Stanford Center for Inherited Cardiovascular Disease

Genetic Counseling In Depth

Genetic counseling is a key part of your care at the Stanford Center for Inherited Cardiovascular Disease.  The goal of genetic counseling is to help you learn more about how the inherited cardiovascular condition in your family affects you and your family.  The genetic counselor will guide you through decision-making about genetic testing, family planning, and medical management.  The genetic counselor can also help you deal with emotions associated with having an inherited condition or being at risk for an inherited condition.  Our team can also connect with you additional support resources for families dealing with inherited cardiovascular conditions, such as support and advocacy groups and psychologists specialized in helping people deal with health challenges.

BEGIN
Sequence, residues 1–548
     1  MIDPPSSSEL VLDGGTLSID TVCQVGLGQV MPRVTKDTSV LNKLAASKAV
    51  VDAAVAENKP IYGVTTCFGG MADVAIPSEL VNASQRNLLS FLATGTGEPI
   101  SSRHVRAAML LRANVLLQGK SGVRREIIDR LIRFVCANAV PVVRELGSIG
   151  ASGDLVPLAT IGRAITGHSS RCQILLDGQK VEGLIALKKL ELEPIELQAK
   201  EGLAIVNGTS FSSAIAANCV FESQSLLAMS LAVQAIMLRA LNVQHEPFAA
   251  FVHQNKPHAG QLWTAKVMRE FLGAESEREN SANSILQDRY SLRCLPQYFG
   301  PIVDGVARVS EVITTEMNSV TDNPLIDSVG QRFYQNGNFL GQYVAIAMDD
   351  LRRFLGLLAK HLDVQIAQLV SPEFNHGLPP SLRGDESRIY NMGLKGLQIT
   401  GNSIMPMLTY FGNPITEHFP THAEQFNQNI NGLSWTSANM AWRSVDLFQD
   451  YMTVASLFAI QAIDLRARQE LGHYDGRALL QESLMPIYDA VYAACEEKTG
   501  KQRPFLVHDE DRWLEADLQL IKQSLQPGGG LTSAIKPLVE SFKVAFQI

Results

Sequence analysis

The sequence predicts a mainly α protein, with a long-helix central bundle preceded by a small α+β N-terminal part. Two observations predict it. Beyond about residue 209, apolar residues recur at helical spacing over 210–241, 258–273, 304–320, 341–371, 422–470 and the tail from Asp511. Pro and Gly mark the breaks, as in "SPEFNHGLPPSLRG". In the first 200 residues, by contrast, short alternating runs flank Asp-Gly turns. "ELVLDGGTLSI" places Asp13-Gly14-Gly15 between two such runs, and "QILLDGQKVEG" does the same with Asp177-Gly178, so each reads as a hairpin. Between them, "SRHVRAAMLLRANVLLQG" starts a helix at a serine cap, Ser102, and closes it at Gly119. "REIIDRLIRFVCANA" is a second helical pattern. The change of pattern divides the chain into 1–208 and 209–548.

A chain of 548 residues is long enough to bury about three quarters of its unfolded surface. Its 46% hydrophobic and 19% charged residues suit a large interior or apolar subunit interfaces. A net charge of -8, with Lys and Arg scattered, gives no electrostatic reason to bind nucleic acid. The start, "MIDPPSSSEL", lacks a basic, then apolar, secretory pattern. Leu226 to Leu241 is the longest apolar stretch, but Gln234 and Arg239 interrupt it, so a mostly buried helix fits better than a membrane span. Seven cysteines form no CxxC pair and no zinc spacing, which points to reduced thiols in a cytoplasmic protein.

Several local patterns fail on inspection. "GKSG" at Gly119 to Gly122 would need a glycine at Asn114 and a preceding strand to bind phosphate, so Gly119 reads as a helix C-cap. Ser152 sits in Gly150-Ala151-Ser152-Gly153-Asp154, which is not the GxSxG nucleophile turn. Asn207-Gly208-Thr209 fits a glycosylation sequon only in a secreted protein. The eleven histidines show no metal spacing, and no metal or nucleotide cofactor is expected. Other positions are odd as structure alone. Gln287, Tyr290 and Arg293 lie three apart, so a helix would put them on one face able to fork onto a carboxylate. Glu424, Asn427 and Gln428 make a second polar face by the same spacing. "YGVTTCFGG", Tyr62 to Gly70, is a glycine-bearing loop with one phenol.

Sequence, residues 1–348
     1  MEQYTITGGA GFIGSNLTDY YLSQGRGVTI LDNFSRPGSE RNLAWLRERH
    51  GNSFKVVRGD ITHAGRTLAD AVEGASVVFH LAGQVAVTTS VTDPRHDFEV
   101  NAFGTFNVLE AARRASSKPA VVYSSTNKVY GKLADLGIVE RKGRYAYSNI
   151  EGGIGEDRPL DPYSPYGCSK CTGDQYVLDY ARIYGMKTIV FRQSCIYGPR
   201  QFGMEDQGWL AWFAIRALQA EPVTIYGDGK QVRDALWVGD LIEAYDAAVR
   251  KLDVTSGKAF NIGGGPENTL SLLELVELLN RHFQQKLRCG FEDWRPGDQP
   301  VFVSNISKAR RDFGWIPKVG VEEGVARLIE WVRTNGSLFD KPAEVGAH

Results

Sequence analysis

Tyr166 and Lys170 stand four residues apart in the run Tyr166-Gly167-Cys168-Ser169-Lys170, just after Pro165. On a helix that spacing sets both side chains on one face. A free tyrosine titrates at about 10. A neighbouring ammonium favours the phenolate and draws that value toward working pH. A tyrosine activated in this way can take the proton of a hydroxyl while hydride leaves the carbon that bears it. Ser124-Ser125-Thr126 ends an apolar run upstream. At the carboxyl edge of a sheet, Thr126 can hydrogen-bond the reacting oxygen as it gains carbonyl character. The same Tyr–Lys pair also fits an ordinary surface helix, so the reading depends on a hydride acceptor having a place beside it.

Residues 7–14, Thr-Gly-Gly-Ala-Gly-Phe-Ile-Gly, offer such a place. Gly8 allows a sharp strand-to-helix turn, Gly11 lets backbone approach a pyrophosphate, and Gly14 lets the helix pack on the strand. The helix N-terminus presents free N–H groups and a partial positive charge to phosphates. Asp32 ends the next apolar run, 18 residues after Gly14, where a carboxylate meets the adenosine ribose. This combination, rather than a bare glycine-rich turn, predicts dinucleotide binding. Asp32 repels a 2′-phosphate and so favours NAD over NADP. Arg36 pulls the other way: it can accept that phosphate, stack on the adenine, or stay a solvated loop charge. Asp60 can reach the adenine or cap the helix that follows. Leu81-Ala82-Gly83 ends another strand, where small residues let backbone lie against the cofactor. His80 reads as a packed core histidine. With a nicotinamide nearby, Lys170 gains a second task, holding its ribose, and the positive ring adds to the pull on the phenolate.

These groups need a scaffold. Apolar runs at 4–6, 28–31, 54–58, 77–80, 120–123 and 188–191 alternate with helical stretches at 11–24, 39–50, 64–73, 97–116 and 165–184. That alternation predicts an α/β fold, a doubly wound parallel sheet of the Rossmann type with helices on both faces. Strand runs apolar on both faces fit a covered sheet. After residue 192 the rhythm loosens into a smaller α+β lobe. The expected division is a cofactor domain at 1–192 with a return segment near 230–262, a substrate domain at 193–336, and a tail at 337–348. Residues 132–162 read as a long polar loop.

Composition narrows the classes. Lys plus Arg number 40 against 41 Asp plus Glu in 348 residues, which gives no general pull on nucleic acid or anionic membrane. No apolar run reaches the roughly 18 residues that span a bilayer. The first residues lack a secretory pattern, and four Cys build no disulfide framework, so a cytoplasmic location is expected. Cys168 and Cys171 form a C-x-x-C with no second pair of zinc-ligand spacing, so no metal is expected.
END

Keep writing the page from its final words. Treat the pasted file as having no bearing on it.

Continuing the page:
A genetic counseling appointment usually takes about one hour.  Many of the topics that can be addressed in genetic counseling are reviewed below.  It can be helpful to prepare a list of questions that you and your family members have about the hereditary nature of the condition that’s running in your family. 

Detailed report:  You and your doctor will received a detailed report summarizing your genetics evaluation.  This report includes information about your condition, how it runs in the family, the chances for other family members to develop the same condition, recommendations for how family members should be evaluated, and the results of any genetic testing you have had.  We provide this report to help you remember the things discussed in your genetic counseling session and to help you share the information with your family, since much of the information discussed applies not just to you, but to your family members as well.